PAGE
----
Guest Post by Joy Jones, author of Fearless Public Speaking
Aren’t you lucky? You’re the writer who has been invited to speak at a conference, participate on a panel, or chosen to deliver a keynote. Such a perfect opportunity to promote your work and display your knowledge.
Are you petrified and terrified at the prospect of speaking in public?
You don’t have to feel that way.
Here are 8 tips to help you up your game.
1. Read up. Read and reread your notes to make sure you know your material. Don’t try to memorize. Instead, familiarize yourself with the material thoroughly, so that you feel at home with it. And when you read, make sure you read it aloud. Hearing it gives you a clearer sense of what works. Several re-readings will help ground your ideas in your mind. Knowing that you know what you know is a big confidence booster.
Think up some questions. Anticipate what people in the audience are likely to ask, and plan your answers. Preparation is a great antidote for nervousness.
2. Suit up. Try on what you plan to wear at your speaking engagement. You want a comfortable outfit, so you’re not in distress over a belt that’s too tight or heels that are too high when you should be concentrating on your speech. (Yes, this also applies to men.)
Make sure your outfit matches the occasion. Not sure? Ask the coordinator of the event what the expectation is. If in doubt, it’s usually less embarrassing to be overdressed than underdressed.
3. Fill up your lungs with oxygen. Deep breathing is the source of serenity and energy. Smooth consistent breaths provide the flow that will channel that nervous excitement you feel. And that nervous excitement is the fuel for the great delivery you’re going to give.
4. Punch up your remarks. Compose a memorable phrase or two that your listeners can take away with them. Can’t think of anything original? Then put a twist on someone else’s quote. You’ve probably heard this one: “So many books, so little time.” Here’s a twist that I like: “So many cookies, so little time.”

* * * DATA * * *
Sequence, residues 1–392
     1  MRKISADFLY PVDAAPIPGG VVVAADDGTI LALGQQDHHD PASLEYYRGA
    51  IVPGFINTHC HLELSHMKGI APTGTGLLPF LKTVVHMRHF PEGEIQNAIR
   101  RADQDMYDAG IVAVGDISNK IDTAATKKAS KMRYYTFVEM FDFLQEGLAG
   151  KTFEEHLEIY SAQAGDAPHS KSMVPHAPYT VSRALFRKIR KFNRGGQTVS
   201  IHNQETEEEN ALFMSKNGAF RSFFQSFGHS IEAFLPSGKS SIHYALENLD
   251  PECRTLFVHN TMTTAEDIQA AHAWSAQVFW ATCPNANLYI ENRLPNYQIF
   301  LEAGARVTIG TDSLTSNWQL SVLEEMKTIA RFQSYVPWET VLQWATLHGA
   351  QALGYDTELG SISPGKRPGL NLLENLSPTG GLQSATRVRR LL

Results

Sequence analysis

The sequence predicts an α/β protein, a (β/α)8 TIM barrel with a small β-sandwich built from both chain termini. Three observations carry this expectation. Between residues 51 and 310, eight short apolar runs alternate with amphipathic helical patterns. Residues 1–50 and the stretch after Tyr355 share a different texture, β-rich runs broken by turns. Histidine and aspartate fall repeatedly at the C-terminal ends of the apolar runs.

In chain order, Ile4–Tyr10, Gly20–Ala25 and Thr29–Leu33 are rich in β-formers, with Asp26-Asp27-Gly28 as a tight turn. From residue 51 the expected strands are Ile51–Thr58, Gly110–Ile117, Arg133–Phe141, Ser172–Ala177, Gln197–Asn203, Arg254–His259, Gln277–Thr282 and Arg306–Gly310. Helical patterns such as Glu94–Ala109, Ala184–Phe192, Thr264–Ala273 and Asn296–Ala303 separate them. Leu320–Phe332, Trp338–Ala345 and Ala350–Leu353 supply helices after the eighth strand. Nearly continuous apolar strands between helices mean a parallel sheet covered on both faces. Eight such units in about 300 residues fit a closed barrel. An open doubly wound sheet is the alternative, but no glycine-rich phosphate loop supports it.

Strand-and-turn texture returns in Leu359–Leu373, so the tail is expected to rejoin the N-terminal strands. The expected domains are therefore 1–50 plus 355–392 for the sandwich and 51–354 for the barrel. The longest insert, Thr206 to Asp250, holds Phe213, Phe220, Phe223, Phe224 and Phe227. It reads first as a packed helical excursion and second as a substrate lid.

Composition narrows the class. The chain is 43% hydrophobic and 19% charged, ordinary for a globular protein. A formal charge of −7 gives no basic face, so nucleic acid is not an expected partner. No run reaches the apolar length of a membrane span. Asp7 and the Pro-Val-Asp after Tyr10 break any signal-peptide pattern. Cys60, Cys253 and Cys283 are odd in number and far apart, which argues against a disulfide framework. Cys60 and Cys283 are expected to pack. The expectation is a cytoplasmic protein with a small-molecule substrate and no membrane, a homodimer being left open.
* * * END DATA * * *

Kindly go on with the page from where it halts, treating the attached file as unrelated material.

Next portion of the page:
Now you try it:
Original: Laughter is the best medicine.
Twist: ____________ is the best medicine.
5. Chat up the audience. Don’t think of your speech as formal oration. Treat it as a personal conversation … just held with a lot people at the same time. Audience members are strangers, but they’re sympathetic strangers. Public speaking scares them, too. They’re rooting for you to succeed. (Spoiler alert: You will succeed.)
6. Speak up. Some people resist using the microphone. The tendency is to start off talking loudly, then lapsing into an ordinary sound level once you get going. Make it easy for us to pay attention. Use the microphone.
7. Listen up. When you’re not the speaker, be a good listener. Listen with your eyes, as well as your ears, since only 7% of any communication is with the words alone. Take notes. When you attentively observe another speaker, you get real-world ideas on what works well. Plus, if you’re thoughtful and respectful when someone else is front-and-center, you generate good karma for when it’s your turn at the mic.
8. Live it up. Speaking – and sharing your thoughts and ideas – is a good thing. Public speaking isn’t a public enemy. Actually, it’s more of a professional friend. It can get you noticed by the right people, improve your poise, showcase your skills, sell your books. Enjoy the experience!
Now, show up and shine the next time you’re asked to speak.
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Joy Jones is a playwright, popular speaker and the author of several books including the acclaimed picture book, Tambourine Moon, and her latest book for teens, Fearless Public Speaking. She posts interviews with artists of all types about their creative process on Instagram. Check it out at #joyjones1433.Tags: advice Fearless Public Speaking Joy Jones Moving Write Along Speaking Tips Writing